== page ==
Tuesday, June 27, 2006


We left Las Cruces in style, a rather cushy bus. Bus rides are the place for these youngsters to recover from the "final night at a station party" so sleep and iPod rule the day. The Interamerican Highway is impossibly narrow for two cars going in opposite directions, not to mention a semi and a bus... ours. I choose to look away and trust, but I shutter to think of Holli and I renting a car after the course and braving these roads, knowing what I know now.

Departing the bus, we switched to jeeps and finally arrived at our destination high in the Talamanca mountains. “Don Carlos” is the owner and manager of this 350 ha parcel and small station in the sky, our home for 7 days. Carlos’s family managed the property for forestry but his innate curiousity in nature and exposure to travelers with a conservation focus eventually instilled in him an impressive balance of necessary use and protection where and when ever possible.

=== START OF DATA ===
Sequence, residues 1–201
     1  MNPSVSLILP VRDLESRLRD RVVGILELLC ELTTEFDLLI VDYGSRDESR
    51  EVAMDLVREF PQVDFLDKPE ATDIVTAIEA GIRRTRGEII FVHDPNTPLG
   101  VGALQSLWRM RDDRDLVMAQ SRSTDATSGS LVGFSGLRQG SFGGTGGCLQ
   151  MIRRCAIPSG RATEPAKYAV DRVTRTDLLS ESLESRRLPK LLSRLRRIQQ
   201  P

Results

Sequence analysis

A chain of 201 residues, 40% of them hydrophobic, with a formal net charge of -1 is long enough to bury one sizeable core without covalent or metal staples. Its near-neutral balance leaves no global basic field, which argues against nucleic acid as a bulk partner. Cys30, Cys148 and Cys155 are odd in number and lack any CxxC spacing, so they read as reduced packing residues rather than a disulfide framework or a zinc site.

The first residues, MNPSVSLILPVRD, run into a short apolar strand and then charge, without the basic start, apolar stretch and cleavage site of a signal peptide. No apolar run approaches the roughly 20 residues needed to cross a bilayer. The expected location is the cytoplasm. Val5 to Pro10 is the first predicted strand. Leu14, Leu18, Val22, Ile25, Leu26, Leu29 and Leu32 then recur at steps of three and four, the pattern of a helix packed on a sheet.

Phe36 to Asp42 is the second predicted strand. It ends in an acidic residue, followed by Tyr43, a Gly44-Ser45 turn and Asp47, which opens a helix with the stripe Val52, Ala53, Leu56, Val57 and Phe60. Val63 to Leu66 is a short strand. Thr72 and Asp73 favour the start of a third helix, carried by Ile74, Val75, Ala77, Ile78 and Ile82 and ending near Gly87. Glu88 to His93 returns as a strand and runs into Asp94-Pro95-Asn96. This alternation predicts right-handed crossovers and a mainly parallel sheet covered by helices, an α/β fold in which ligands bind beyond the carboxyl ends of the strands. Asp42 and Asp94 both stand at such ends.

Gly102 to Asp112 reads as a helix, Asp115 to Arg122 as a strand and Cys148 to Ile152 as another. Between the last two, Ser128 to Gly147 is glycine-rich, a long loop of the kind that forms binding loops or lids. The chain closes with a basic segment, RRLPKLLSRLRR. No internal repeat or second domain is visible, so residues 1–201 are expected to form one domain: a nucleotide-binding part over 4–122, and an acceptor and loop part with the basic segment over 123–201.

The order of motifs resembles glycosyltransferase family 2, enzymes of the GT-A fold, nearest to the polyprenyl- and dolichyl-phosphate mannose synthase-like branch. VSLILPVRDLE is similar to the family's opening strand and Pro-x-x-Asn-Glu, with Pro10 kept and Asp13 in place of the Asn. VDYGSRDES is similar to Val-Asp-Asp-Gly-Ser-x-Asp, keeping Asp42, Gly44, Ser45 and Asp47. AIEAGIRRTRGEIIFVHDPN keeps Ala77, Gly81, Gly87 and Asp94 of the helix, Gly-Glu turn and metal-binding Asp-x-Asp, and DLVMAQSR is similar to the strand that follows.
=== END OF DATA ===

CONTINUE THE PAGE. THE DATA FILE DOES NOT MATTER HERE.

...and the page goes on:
Our surroundings are dramatically different from the relatively lush accommodations of Las Cruces. We sleep in a large bunk room in tight quarters and the lab/work building next door has absolutely no connectivity (thus the lapse in my postings). The socially intense environment is completely offset by our isolated surroundings. Primary cloud forest is just out the front door and the reliable afternoon rains pounding on the tin roof are surprisingly soothing, a delightful reminder of my childhood summer afternoons in my family’s rustic cabin in the Ruidoso, New Mexico.

Don Carlos makes excellent use of the intact core of fallen trees, so all buildings at the site are made of beautiful wood. Nights are quite cold so we gather around a huge fire place (wasn’t this supposed to be the tropics?) for evening lectures on the basics of vascular plants, plant breeding systems (challenge: mature and have sex all while being stuck in the ground your whole life), the fascinating social systems of leaf cutter ants or a rather dry stats review. Much of what I learn, I learn from my fellow students. I’m inspired and humbled to join them on this course and together experience Costa Rica’s diversity. This picture was taken on one of our first walks at Cuerici as the late morning mist rolled in.

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